We foster carers are used to being advised by the Blue Sky team that looked after children are big on what they call "control".
Is there anyone alive who hasn't been accused in the heat of the moment by someone they're arguing with of being a "control freak"? I doubt it. I have. So has my other half, oh yes...
Who wants to be out of control? A speeding bus with a bomb and Sandra Bullock on board maybe, or else there's no action movie, but apart from that, being out of control is a nightmare.
Of course there's a difference between being not in control (of a situation) and being out of control (of yourself). I'm talking about the first one.
Children want control but not total control. They want just the right amount. Enough to feel safe. But not so much that they are in charge of everything. Only megalomaniacs want total control.
The challenge for everyone in charge of children is to find a way to give them the right amount of control. As with so many things in fostering, this is important with your own children, but even more important with foster children.
Foster children probably had zero control over anything before they came into care. Their parents probably had no control over anything either. Except their kids. They couldn't control the benefits office, the police, their landlord, their debt collectors, their drinking, you name it. One of the most common traits of chaotic parents is that they are scarily authoritarian over their children, as if they boss the poor mites around to make up for their absence of control in everything else. No negotiation with their children. No discussion to find out what the child is thinking or needing. You hear it all the time; "Do as you're told" or "I'm not asking I'm telling".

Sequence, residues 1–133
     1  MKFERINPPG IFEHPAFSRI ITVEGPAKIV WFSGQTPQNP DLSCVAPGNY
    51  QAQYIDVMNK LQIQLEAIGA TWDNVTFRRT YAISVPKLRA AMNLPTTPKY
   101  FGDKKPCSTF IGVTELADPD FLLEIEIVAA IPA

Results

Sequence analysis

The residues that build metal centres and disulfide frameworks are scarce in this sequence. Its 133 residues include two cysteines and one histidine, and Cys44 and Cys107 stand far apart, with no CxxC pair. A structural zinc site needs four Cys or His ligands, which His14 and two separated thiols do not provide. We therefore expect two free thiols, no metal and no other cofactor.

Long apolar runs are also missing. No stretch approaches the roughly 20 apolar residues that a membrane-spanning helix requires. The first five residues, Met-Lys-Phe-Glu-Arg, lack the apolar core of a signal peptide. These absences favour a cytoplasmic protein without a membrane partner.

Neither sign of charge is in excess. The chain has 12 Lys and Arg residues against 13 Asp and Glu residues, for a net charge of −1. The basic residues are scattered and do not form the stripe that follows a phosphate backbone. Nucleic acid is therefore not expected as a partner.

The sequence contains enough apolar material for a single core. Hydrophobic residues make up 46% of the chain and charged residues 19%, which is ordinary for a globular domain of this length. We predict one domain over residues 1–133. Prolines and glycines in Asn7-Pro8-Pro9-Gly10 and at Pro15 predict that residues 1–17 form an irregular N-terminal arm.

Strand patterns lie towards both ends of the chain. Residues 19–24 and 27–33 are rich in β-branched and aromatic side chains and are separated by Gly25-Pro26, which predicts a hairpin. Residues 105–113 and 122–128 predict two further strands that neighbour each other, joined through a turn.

Last Sunday morning we went to the park; myself, Bill, and youngest looked-after child. We took a football and a cricket bat and ball and bicycled down the cycle path. Child wanted to be in front all the way. Got there and child ordered us to sit on a bench and watch while he went on the swings and climbing frame, so we did. After about 5 minutes the child came back and said he wanted to play cricket. We set up to play, but before a ball was bowled he told us that after cricket he wanted to play chase, followed by football.
I bowled the first ball. The little chap missed it and stomped off, got on his bike and cycled away. Towards the gate. Beyond which was a quiet pedestrian road. If he went through the gate he'd be in sight long enough for us to catch up to him, but the big control thing was whether he went through the gate.
We were both tempted to give chase. But then he'd have us in the palm of his hand. So we went and sat back on the bench, watching him out of the corner of our eye all the time. If he'd gone through the gate we'd have been off after him like our tail was on fire. But, as we reckoned, he didn't go through the gate. He actually didn't want that much control.
We watched him acting casual, sitting on his bike beside the gate. Then he started cycling slowly around the perimeter of the park, leading eventually back to us. All the time we acted like we were confident in his ability to make good decisions; which we were.
Halfway back to us he got off his bike, then in re-mounting he "fell" off, and lay on the ground. We trotted over, full of sympathy. He had controlled us over to where he lay, but returned overall control because we were now in charge of his welfare.
He had enjoyed the right amount, then gave it back.
When you acquire a puppy the dog whisperers tell you to make sure it knows who's in control. The big argument in politics is whether we control ourselves or Europe does. Control is everywhere.
Especially in the brain-teasing, exhausting, but always brilliant world of fostering.